NEW YORK (
) - If you are investing in commodity index funds or commodity ETF's, you are being played for a sap.
You are footing the bill for commodity storage and the free profits of physical traders and trade groups, all because you - as an investor - have fallen for the sales pitch and siren call of exposure to commodities. You are using these ridiculous, invented financial products in greater and greater numbers and these products ultimately only make money for the salesmen and not for you.
Let me try to explain this as simply as I can. In commodities, prices are broken down into months, each month creating a separate delivery price.
Unlike a stock, if you want to invest in a commodity price, you must choose a futures month in which to invest. For commodity ETF's and index funds, this is overwhelmingly done using the closest month available, known as the spot month.
As this spot month comes close to delivery, the investors who wish to stay invested must move to the next available month -- the one becoming spot. This action of selling the spot month and buying the next month out is known as the 'roll' (often called the 'Goldman roll' because the largest index is the Goldman Sachs Commodity Index or the GSCI).
As more and more money has invested in commodities, this roll has worked to skew the relative prices of the commodity months: As you move further out in time and further out on the "curve of prices," the expectation of the roll continues to push prices higher the further out you go.
This continual increase of prices throughout the curve is known as a "
A contango is not natural. Before commodity investing became commonplace, a contango was a rare and strange dislocation which wouldn't ever last. But in oil, the contango has become the normal state of the curve.
Here's one big reason it's unnatural : It pays physical players NOT to deliver product. I'll give a simple example. Let's say crude sells in January 2010 for $71 dollars a barrel and sells in January 2011 for $83 dollars a barrel (true prices as of today). If you are a physical player and can store crude for a year, you are in essence being paid 18% to sit on your supply, minus storage and credit costs. But to take advantage of this, you need access to storage and credit, two things you and I don't have.
But Andrew Hall, the infamous trader from Phibro, which was part of Citigroup, had access to both this year. This carry trade of buying prompt barrels and storing them was the biggest single trade he made, accounting for a good piece of the $100 million-dollar bonus he demanded. Sometimes making money is so simple.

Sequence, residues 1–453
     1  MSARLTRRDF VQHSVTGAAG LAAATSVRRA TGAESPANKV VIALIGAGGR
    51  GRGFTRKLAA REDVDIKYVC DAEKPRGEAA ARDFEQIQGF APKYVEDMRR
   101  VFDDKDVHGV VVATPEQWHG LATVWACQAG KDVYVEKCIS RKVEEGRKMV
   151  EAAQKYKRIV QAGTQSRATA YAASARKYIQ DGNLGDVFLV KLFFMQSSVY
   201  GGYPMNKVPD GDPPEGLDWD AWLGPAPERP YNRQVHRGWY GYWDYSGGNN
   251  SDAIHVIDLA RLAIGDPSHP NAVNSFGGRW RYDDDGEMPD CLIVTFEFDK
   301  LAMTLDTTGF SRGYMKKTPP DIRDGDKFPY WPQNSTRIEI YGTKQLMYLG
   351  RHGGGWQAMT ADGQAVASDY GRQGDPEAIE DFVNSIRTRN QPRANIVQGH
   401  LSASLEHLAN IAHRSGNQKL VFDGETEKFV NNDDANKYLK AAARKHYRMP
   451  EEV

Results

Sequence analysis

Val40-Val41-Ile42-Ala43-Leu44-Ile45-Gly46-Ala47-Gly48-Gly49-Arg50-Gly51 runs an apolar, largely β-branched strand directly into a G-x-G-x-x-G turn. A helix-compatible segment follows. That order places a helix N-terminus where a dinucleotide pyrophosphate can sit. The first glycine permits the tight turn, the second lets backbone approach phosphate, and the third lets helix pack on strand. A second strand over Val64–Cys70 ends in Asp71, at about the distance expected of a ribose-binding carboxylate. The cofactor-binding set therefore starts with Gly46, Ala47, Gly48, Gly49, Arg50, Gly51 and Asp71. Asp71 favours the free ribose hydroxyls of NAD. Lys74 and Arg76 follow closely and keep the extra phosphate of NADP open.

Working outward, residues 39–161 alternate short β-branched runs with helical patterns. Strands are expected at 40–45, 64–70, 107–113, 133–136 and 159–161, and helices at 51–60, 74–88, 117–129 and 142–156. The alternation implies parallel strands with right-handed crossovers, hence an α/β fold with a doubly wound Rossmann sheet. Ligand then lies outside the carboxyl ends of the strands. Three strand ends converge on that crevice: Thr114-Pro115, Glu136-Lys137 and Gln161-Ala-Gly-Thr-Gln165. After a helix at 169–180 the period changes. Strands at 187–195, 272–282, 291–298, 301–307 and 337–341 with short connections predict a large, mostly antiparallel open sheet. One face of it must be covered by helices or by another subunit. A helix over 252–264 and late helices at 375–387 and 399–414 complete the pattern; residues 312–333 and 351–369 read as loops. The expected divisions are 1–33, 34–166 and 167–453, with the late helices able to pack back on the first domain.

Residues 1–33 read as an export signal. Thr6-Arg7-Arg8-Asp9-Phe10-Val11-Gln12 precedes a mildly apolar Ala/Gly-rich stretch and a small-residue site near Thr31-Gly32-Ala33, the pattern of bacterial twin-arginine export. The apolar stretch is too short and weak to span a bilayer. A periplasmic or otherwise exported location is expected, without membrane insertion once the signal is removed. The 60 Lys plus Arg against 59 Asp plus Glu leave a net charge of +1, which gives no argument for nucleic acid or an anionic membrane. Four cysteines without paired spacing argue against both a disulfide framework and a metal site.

But it's only simple if investors continue to pour money into oil ETF's and Index funds. I expect them to, so for you and me, a good way to play this dislocation would be tanker stocks, like
He's dead right, this contango shows no sign of easing, and in fact the contango has recently gotten much more robust. This will continue to make storage, even cannibalized storage from floating tankers, an increasingly limited and profitable commodity that physical players with available credit will be ready to pay more and more for. That should translate well for the tankers.
And it also has enormous (and an unnatural) impact on the future prices of oil. But we'll tackle that in my next column.
At the time of publication, Dicker did not have any positions in the stock mentioned.
Dan Dicker has been a floor trader at the New York Mercantile Exchange with more than 20 years' experience. He is a licensed commodities trade adviser. Dan's recognized energy market expertise includes active trading in crude oil, natural gas, unleaded gasoline and heating oil futures contracts; fundamental analysis including supply and demand statistics (DOE, EIA), CFTC trade reportage, volume and open interest; technical analysis including trend analysis, stochastics, Bollinger Bands, Elliot Wave theory, bar and tick charting and Japanese candlesticks; and trading expertise in outright, intermarket and intramarket spreads and cracks.
Dan also designed and supervised the introduction of the new Nymex PJM electricity futures contract, launched in April 2003, which cleared more than 600,000 contracts last year alone. Its launch has been the basis of Nymex's resurgence in the clearing of power market contracts over the last three years.
Dan Dicker has appeared as an energy analyst since 2002 with all the major financial news networks. He has lent his expertise in hundreds of live radio and television broadcasts as an analyst of the oil markets on CNBC, Bloomberg US and UK and CNNfn. Dan is the author of many energy articles published in Nymex and other trade journals.
Dan obtained a bachelor of arts degree from the State University of New York at Stony Brook in 1982.